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Xenotransplantation and Risk
Regulating a Developing Biotechnology

$99.00

Part of Cambridge Law, Medicine and Ethics

  • Date Published: December 2011
  • availability: In stock
  • format: Hardback
  • isbn: 9780521195768

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  • Some developing biotechnologies challenge accepted legal and ethical norms because of the risks they pose. Xenotransplantation (cross-species transplantation) may prolong life but may also harm the xeno-recipient and the public due to its potential to transmit infectious diseases. These trans-boundary diseases emphasise the global nature of advances in health care and highlight the difficulties of identifying, monitoring and regulating such risks and thereby protecting individual and public health. Xenotransplantation raises questions about how uncertainty and risk are understood and accepted, and exposes tensions between private benefit and public health. Where public health is at risk, a precautionary approach informed by the harm principle supports prioritising the latter, but the issues raised by genetically engineered solid organ xenotransplants have not, as yet, been sufficiently discussed. This must occur prior to their clinical introduction because of the necessary changes to accepted norms which are needed to appropriately safeguard individual and public health.

    • Explores whether xenotransplantation can be accommodated within existing legal and ethical norms and looks at the legal and ethical, practical implications of allowing clinical genetically engineered solid organ xenotransplants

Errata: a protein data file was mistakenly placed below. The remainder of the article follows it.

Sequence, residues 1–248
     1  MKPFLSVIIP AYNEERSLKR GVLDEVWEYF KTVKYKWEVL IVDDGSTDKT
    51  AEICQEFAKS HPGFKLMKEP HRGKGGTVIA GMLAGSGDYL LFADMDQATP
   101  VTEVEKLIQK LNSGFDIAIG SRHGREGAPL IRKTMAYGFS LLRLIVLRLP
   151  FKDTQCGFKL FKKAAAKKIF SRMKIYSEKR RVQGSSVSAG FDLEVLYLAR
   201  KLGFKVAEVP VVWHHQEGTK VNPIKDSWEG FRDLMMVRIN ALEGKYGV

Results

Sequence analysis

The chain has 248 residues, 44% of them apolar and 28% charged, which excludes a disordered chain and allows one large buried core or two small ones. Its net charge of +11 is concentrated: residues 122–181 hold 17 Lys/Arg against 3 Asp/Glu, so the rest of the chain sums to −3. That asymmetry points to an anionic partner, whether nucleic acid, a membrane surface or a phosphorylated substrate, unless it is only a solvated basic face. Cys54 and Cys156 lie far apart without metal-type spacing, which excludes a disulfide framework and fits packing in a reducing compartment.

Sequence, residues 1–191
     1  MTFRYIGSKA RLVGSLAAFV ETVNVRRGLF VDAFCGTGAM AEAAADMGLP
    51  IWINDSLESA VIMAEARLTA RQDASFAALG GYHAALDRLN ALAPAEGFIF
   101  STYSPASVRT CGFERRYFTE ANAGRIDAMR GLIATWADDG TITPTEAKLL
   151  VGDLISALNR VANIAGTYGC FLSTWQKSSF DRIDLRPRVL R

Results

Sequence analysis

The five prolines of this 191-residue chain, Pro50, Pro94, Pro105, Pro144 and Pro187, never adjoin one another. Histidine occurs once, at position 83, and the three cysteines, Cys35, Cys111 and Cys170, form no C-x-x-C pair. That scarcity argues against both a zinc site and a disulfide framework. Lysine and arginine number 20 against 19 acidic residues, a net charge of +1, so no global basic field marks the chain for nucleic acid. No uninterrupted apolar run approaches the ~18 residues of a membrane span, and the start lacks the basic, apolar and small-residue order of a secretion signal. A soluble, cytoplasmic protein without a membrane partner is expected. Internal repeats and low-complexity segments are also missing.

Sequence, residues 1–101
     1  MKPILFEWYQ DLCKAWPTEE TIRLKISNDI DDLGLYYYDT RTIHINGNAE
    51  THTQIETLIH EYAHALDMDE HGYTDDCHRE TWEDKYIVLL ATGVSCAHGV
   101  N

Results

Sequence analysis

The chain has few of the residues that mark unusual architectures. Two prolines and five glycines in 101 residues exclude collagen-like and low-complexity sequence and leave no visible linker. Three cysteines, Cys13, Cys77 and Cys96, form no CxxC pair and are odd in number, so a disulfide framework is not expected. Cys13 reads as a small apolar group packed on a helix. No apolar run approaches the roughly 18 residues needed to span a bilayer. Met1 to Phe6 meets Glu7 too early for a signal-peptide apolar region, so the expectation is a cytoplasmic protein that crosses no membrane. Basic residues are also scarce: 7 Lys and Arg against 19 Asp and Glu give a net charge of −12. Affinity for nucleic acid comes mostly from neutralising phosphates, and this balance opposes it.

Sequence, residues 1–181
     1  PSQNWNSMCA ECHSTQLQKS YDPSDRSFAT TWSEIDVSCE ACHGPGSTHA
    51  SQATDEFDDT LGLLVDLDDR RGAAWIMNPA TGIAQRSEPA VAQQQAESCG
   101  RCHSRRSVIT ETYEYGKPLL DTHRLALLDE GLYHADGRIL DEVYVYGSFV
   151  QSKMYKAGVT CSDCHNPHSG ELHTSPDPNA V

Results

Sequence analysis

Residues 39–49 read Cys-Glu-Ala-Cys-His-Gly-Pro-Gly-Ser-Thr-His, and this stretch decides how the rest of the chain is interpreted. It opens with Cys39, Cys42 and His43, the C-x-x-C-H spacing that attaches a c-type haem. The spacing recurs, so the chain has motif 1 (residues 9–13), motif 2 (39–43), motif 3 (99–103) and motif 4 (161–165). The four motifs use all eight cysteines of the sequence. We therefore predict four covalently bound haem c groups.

• Considers how risks are and can be regulated, particularly in situations of uncertainty and/or ignorance
    • International and comparative aspects of the analysis facilitate the learning of relevant lessons from selected jurisdictions
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    Product details

    • Date Published: December 2011
    • format: Hardback
    • isbn: 9780521195768
    • length: 306 pages
    • dimensions: 235 x 155 x 15 mm
    • weight: 0.6kg
    • availability: In stock
  • Table of Contents

    1. Introducing the issues
    2. Dealing with risk
    3. Regulating experimental procedures and medical research
    4. Regulatory responses to developing biotechnologies
    5. Challenges to legal and ethical norms: first party consent and third parties at risk
    6. Surveillance and monitoring: balancing public health and individual freedom
    7. Looking to the future.

  • Author

    Sara Fovargue, Lancaster University
    Sara Fovargue is a Senior Lecturer in Law at Lancaster University, where she specialises in health care law and ethics. Her main interests are clinical research involving human and non-human animals, risk and regulation with regards to developing biotechnologies and decision-making practices for vulnerable groups within health care law and practice.

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